Forty years ago (this is Jay speaking), I mused aloud that creating stained glass ornaments might be a fun hobby “after I retire.” Mary Ann, who thought I already needed a hobby, gave me tools and scrap glass and pointed out where I could play with them in our Chicago apartment. Soon we moved to South Dakota and a house which happened to have an extra garage that I eventually turned into a studio.
One big influence on my transition from hobbyist to window-maker was a serendipitous purchase of several boxes of scrap glass. Not many pieces were more than 2′ square, but it was all German mouth-blown glass, more beautiful than anything I had used. I sorted through the gorgeous scrap to make windows for our bathroom and after installation literally saw life differently. Seeing what was possible with artisan-made glass inspired Mary Ann to work with me.
We learned the basics about how to cut glass, lead, solder, and finish windows from books and by seeking out masters of the trade. We visited old line Minnesota studios and attended Stained Glass Association of America conferences, whose members shared freely. The rest came from experience.
Designing for glass is part inspiration and part competence. Mouth-blown (“antique”) and hand-poured glass offer wondrous texture and dynamism. I also think about how both view and light will interact with the stained glass. My goal: to bring together light, motion, and color to enhance the environs. I find joy in both the art and the craft of stained glass. I become one with the glass and we breathe together: scoring, breaking, leading, soldering, cementing, cleaning.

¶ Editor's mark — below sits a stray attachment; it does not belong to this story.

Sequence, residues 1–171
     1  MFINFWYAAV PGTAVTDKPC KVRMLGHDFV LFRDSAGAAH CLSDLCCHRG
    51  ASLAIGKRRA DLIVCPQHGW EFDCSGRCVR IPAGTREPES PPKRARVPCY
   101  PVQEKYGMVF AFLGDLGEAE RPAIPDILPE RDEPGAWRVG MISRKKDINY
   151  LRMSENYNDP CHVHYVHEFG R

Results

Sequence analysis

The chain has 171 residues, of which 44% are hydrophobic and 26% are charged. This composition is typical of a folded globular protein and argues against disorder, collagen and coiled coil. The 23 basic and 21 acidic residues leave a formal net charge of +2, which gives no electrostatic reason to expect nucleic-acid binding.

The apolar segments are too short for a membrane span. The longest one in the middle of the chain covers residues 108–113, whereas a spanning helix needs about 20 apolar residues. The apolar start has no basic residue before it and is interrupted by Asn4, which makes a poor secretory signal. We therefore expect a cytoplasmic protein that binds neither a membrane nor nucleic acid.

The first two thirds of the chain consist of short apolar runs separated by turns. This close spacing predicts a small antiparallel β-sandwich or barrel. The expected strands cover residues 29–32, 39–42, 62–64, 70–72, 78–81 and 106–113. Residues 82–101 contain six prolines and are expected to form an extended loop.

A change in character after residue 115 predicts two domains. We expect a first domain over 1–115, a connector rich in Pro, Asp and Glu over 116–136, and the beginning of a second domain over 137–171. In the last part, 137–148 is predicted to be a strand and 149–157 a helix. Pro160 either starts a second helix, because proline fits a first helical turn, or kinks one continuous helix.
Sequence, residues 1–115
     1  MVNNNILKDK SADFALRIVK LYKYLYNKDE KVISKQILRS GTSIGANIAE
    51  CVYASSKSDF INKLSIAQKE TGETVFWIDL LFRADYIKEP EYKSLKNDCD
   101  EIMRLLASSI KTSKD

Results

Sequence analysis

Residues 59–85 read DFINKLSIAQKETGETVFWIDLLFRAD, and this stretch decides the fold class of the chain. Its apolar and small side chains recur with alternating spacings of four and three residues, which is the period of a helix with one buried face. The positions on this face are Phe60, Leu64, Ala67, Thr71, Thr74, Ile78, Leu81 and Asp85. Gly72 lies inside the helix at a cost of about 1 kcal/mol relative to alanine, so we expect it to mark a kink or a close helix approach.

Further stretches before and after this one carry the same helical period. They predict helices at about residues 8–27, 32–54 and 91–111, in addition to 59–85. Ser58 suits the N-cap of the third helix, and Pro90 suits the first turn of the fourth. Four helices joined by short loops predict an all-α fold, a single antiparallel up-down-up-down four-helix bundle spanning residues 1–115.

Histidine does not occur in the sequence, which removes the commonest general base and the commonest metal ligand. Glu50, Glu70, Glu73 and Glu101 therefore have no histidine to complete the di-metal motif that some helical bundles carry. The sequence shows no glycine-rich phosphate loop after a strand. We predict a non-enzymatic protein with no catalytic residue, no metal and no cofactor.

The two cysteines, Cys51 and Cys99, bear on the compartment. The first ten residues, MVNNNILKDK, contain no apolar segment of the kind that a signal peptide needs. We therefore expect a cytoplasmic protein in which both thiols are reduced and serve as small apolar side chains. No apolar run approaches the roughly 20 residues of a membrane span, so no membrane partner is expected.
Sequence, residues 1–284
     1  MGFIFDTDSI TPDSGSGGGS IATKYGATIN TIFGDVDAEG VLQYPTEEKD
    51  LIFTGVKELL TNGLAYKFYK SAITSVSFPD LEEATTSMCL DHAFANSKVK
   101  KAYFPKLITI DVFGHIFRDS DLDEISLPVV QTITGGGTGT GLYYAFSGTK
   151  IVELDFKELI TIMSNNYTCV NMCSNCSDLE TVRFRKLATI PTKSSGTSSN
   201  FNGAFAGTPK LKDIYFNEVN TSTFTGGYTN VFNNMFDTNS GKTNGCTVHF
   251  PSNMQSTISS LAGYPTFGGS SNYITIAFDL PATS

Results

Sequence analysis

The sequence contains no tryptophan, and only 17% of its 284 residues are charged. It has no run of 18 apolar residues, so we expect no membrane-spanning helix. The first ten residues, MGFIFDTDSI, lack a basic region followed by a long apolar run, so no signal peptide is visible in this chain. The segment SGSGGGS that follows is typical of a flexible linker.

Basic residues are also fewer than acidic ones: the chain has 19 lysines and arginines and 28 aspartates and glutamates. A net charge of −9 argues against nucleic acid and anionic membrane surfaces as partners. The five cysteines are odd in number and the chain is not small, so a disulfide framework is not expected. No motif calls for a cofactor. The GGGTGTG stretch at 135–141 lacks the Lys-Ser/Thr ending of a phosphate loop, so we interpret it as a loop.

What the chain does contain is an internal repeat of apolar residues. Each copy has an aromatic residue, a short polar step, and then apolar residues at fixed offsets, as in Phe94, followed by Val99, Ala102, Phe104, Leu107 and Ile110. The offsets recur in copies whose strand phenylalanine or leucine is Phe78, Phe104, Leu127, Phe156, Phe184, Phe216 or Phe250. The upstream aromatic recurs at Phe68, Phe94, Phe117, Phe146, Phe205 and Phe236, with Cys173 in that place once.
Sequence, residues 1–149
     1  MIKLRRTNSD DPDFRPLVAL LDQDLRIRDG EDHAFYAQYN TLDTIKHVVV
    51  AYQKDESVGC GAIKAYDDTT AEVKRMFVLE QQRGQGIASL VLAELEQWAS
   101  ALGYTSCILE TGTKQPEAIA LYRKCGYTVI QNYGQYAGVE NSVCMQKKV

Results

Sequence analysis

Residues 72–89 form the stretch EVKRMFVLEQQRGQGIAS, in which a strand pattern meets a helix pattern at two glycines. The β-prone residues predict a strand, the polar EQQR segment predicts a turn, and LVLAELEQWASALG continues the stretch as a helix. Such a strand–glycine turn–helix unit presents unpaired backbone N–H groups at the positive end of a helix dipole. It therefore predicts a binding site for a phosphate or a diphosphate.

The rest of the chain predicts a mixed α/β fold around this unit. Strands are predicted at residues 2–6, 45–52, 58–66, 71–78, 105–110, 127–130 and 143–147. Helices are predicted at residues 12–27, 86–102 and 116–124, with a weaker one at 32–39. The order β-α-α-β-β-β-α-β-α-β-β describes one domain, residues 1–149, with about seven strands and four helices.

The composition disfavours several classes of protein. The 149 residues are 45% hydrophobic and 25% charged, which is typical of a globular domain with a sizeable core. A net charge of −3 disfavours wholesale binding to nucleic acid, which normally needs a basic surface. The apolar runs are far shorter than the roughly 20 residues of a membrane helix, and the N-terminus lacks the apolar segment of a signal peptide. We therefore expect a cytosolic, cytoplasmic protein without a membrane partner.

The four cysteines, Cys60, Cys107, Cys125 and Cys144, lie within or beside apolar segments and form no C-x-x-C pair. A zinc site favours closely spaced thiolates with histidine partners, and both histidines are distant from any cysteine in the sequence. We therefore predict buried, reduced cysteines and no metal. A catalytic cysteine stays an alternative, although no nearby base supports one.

Jay now fabricates all windows, art panels, mirrors, lamps, light vessels, and all else leaded or foiled that we design. (Mary Ann is speaking now.) Jay likes to cut glass and is technically very skilled so after we moved to Pennsylvania I left that to him and focused on designing. We talk over ideas and decide which of us will design a project. While our styles differ we both strive to convey glass’ liveliness and sensuality. The finished piece should bathe its users in transformed light, providing atmosphere, not merely something to look at. My style echoes natural shapes, plays with interlacing lead-lines, and flows color and texture abstractly through the design.
Our newest passion is fusing and slumping glass–assembling flat glass and frit (ground glass), melting it together and forming it in a kiln. We enjoy the direct method of working, an ability to achieve painterly effects in the fused glass, and the creation of beautiful items for everyday use.
What we love shows in our glass, whether it is leaded, foiled, or fused.
Mary Ann and Jay Paulukonis
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